Doing it digital

The synth-pop trio Dial-Up are releasing their debut EP at the Hexagon this Thursday.

Dial-Up members Aila O’Loughlin (top left), Elliott Snyder (bottom middle), and Andrew Jansen (top right) pose for a picture outside a friend’s house Friday afternoon in Minneapolis.

Erin Westover

Dial-Up members Aila O’Loughlin (top left), Elliott Snyder (bottom middle), and Andrew Jansen (top right) pose for a picture outside a friend’s house Friday afternoon in Minneapolis.

Raghav Mehta

WHAT: Dial-Up EP release show with Phantom Tails and Buffalo Moon

WHERE: Hexagon Bar, 2600 27th Avenue South 

WHEN: Thursday, Feb. 10

COST: Free

When Minneapolis pop-rock trio A Paper Cup Band disbanded last summer, few really took notice. Now while the Twin Cities music scene is routinely celebrated for its diversity and richness, sometimes its thriving nature leads to an overflow that can leave even the cityâÄôs most deft musicians lost in the crowded mix of noise.

A Paper Cup Band ended up being one of the more disappointing casualties of this unfortunate circumstance. But that didnâÄôt crush guitarist and songwriter Andrew JansenâÄôs spirit or stifle his creative drive.

JansenâÄôs latest three-piece project, Dial-Up, is a digital dose of lo-fi arcade-pop that reaffirms the songwriterâÄôs inherent knack for simple âÄô90s-esque melodies.

Starting last September, Jansen plays alongside his girlfriend and keyboardist Aila OâÄôLoughlin and drummer Elliott Snyder. Dial-Up originally cut their teeth as a duo, with Jansen and OâÄôLoughlin playing a string of shows in Europe and the eastern Mediterranean before returning to the states to record and release their new EP âÄúSeller Door.âÄù

In the aftermath of his last bandâÄôs break-up, Jansen was exploring new mediums of sound, tinkering with drum machines and synthesizers. He was driven to create beat-oriented music, citing obscure European pop as his biggest influence in the course of writing the EP.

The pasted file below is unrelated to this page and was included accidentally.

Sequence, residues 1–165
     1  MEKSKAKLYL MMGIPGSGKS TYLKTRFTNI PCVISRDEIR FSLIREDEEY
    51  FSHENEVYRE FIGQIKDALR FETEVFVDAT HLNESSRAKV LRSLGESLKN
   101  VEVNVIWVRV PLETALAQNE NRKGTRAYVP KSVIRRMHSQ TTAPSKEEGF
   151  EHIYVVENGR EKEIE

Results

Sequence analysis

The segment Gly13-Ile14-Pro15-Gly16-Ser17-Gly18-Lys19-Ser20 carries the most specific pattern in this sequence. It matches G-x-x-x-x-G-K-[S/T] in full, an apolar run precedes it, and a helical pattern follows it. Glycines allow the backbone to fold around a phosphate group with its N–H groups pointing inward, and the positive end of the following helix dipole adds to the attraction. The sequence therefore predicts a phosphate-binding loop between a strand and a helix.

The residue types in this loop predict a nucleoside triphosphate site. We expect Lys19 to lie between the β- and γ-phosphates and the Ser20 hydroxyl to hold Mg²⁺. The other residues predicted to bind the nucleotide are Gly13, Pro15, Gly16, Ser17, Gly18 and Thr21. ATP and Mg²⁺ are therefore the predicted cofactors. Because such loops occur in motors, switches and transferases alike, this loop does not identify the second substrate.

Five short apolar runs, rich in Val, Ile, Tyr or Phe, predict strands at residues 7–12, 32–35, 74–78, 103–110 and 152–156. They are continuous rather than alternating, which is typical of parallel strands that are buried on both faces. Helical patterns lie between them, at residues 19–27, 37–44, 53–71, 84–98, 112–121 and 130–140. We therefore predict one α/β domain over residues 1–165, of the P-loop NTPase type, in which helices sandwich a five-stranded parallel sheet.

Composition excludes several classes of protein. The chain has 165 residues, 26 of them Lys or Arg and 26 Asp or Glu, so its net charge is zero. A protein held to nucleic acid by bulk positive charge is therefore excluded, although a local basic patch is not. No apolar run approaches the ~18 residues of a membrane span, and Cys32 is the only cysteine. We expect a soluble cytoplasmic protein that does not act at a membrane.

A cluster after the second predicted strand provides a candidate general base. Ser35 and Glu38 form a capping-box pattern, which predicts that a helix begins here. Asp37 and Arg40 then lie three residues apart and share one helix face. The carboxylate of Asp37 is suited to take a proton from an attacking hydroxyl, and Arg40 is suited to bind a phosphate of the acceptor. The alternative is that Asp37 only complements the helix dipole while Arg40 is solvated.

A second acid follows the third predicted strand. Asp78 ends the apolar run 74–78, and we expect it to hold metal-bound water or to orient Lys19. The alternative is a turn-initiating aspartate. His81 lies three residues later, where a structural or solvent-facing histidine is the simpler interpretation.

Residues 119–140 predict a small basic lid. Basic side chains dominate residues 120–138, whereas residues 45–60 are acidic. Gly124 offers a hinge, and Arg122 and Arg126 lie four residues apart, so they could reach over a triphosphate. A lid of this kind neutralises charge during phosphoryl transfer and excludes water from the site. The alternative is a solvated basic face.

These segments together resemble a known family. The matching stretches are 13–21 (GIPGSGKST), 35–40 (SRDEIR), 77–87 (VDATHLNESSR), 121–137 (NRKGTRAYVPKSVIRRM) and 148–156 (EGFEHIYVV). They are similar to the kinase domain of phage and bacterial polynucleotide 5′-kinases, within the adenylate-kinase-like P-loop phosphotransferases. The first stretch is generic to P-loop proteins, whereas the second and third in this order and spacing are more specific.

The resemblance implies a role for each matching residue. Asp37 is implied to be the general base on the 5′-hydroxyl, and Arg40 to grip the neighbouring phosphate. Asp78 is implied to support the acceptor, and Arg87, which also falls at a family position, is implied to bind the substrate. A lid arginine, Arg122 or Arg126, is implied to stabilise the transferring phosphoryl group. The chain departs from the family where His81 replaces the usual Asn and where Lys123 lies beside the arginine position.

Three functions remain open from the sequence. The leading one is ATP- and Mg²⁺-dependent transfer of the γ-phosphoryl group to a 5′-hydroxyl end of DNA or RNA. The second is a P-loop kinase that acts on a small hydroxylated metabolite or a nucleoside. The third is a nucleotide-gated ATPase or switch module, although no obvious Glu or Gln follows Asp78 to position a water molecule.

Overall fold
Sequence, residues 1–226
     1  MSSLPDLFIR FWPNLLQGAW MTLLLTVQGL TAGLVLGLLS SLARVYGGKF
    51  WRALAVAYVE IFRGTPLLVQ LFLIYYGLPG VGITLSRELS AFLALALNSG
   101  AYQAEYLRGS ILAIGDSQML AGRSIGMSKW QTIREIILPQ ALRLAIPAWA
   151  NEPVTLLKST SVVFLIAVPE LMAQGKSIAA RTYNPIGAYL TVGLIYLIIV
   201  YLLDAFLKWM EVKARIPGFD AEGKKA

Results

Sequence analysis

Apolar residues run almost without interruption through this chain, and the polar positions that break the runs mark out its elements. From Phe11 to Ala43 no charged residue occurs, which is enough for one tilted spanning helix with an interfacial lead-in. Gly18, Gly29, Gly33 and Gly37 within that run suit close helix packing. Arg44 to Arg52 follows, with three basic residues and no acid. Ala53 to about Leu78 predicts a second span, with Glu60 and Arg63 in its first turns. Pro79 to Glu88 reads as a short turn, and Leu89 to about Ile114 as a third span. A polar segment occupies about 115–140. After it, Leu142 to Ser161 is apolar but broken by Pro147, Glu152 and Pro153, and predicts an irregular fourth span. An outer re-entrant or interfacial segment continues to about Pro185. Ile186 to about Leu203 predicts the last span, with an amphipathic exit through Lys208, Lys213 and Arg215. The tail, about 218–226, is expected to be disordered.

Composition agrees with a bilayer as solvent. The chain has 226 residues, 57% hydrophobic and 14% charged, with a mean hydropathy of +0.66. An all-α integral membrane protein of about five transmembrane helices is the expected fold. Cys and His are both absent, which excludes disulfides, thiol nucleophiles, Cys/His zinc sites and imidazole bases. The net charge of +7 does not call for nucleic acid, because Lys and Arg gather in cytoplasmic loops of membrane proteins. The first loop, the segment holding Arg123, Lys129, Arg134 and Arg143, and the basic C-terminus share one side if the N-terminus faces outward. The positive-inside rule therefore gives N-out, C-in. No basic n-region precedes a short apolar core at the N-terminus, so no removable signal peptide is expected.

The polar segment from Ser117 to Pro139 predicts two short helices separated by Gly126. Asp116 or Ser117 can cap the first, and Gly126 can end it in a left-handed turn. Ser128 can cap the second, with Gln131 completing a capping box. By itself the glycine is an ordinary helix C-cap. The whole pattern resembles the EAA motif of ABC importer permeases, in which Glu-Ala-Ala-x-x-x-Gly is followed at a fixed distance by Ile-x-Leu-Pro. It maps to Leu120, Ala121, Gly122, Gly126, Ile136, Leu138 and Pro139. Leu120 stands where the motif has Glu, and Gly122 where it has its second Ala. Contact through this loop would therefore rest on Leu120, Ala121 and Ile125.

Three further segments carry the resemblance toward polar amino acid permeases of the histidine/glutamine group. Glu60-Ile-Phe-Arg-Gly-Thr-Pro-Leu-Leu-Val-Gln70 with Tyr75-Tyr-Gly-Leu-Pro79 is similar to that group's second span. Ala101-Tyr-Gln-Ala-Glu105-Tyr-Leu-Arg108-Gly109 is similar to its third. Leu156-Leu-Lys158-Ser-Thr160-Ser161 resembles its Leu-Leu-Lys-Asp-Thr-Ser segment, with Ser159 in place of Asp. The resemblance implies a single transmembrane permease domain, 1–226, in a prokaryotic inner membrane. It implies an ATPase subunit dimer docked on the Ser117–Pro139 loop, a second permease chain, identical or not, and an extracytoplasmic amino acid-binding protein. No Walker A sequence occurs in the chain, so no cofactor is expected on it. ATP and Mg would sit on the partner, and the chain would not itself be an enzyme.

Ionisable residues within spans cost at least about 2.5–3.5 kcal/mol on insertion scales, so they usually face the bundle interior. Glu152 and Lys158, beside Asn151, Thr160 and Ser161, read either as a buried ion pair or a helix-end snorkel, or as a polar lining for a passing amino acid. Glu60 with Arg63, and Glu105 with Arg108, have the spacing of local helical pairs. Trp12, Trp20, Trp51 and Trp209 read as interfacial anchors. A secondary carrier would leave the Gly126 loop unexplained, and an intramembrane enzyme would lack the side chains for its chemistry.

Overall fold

On âÄúSeller DoorâÄù JansenâÄôs distorted vocals drawl over a warble of retro-synths and fuzzed-out bass grooves. ItâÄôs accessible, catchy and sometimes even reminiscent of the soundtrack of your favorite childhood Nintendo game.

âÄúWith Paper Cup, people would say it was kind of like a punk vibe I guess,âÄù Jansen said. âÄúThis kind of has that in it but IâÄôd like to think [Dial-Up] is more grindy and hip-hop, like it makes you want to dance more rather than just shove people.âÄù

Perhaps the trioâÄôs greatest feat comes with the EPâÄôs closer: a (surprisingly good) tongue-in-cheek interpretation of the oft-maligned Dave MatthewâÄôs hit âÄúCrash Into Me.âÄú

âÄúWe were talking about songs that are aesthetically bad, but could have good substance in them,âÄù Jansen said. âÄúWhen you take that song and put it into pieces, itâÄôs actually a really well-done songâÄù

Dial-UpâÄôs debut not only illustrates JansenâÄôs consistency, but also his versatility as a songwriter. From the feel-good bounce of âÄúI Feel Like Metal When I Talk to YouâÄù to the ethereal Blur-like britpop of âÄúRubstep,âÄù the album flows seamlessly without missing a beat anywhere in-between.

With the DessaâÄôs and Jeremy MessersmithâÄôs still dominating local airwaves, Jansen might not be the most celebrated songwriter in the Twin Cities right now but heâÄôs certainly the best one you havenâÄôt heard of (yet).